My problem with the former is that it only really makes sense if you already accept the non-materialists premises. (I do, but that is irrelevant at this point.)

    My problem with the latter is that this friend has formerly been an hedonist, a theist, and now an atheist. When he starts getting preachy about what a great scientist Dawkins is (seriously), I start to wonder what his genes are going to tell him to believe – and preach – next? How can I have any confidence in what he is telling me, when there is – according to his own statements – no “he” to tell me anything?

    He’s like the guy who says to you “I always lie”.

    OK, so your witness is unreliable.

    Noted.

    That is really all the determinists are telling us; they are not reliable witnesses.

    (Parenthetically, the game of “It’s not MY fault!” is a very old one. Determinism is just one of the later versions, imho.)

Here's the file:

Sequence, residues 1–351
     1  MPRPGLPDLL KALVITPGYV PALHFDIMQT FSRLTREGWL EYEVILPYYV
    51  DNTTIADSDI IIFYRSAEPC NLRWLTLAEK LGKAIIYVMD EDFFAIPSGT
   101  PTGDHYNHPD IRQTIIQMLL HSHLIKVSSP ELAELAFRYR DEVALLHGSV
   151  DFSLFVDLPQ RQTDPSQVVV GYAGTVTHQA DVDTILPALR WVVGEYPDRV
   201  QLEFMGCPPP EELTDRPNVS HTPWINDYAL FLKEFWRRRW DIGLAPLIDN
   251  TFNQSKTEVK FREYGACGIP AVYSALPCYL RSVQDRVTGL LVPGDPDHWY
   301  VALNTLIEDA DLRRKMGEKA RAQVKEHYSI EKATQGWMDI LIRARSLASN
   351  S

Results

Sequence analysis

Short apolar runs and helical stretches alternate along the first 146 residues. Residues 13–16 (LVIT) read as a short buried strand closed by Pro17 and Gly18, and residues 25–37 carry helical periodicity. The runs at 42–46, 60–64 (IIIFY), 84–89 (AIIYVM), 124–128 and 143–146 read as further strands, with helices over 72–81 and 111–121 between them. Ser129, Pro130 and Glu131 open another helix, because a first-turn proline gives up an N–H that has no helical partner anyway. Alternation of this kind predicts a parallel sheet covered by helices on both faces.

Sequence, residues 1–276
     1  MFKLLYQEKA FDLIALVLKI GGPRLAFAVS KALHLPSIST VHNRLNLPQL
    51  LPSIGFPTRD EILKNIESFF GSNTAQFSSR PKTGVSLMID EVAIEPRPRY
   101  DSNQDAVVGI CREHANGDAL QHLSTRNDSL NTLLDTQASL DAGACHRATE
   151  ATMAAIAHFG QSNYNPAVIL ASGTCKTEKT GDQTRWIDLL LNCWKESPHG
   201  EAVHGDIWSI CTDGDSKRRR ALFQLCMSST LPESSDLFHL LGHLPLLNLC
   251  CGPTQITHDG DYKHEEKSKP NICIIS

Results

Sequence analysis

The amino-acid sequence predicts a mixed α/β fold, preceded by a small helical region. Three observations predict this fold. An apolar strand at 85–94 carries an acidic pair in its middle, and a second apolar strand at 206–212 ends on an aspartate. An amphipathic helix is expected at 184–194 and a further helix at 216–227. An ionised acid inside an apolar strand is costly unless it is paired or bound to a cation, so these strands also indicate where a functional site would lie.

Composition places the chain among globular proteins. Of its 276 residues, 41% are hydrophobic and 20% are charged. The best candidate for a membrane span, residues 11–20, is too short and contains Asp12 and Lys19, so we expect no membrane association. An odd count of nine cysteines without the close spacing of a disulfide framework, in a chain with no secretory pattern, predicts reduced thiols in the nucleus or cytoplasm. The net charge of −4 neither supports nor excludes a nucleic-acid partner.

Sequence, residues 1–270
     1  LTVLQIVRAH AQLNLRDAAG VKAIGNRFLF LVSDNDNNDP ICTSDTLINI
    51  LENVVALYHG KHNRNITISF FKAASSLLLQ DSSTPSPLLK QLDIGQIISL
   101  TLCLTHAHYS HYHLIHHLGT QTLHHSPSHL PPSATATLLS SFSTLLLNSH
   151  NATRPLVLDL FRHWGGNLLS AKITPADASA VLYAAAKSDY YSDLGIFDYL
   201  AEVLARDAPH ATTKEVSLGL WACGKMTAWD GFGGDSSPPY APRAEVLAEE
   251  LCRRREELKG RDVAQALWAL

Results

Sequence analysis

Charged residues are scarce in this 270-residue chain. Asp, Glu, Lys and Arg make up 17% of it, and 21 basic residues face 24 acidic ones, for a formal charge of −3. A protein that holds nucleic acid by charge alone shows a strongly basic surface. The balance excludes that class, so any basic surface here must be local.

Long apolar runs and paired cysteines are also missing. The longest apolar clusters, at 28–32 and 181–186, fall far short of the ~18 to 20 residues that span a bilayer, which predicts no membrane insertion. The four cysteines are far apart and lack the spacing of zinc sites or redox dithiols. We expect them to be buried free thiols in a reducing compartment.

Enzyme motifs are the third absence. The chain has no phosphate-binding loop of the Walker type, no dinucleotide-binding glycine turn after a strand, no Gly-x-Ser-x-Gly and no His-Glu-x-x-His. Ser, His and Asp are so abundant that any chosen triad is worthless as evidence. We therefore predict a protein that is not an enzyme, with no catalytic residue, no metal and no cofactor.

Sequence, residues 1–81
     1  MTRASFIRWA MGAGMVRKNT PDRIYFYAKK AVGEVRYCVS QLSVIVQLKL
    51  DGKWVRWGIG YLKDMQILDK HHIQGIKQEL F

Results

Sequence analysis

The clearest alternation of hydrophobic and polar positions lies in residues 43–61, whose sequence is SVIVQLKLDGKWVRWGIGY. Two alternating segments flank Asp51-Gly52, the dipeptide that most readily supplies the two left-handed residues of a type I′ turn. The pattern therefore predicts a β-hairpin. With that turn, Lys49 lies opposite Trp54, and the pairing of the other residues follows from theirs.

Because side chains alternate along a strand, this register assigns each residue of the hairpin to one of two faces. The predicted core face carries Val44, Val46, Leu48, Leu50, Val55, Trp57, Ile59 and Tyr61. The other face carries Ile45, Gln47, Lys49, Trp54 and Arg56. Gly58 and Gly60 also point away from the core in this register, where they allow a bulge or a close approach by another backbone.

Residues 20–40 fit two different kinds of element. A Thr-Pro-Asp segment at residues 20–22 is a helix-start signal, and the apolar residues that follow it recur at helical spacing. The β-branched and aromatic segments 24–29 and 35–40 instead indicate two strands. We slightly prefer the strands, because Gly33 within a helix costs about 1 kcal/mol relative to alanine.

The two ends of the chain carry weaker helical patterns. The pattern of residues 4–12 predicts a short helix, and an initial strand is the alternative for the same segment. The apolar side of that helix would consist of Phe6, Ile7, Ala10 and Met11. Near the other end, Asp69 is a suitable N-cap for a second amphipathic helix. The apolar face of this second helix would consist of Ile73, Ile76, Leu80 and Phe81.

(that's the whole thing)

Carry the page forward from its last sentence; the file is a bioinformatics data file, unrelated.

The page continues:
I have yet to see any good argument as to why our biochemistry would create the illusion of free will. The notion of biochemical determinism makes us mobile plants. Yes, people have proposed that this illusion must convey some fitness advantage. Talk about begging the question!

    Yet actual plants seem to thrive, apparently without this illusion.

  13. 13
    ScuzzaMan says:

    Hmmm … thinking about that last part again, it seems to me that either (A) my biochemistry stubbornly insists that I not accept certain arguments, i.e. my biochemistry is in some way resistant to creating the illusion that I accept reality as presented to me by determinists, almost as if my biochemistry has a will of its own, or (B) the arguments themselves are just not very convincing.

    But it cannot be (B), because that would imply things, about the freely chosen beliefs of determinists, that the determinists would not like.

    Ergo, I have no free will.

    You know that question about who created God? Isn’t it a bit similar to insist that “I” dont have free will but that my genes make choices for me?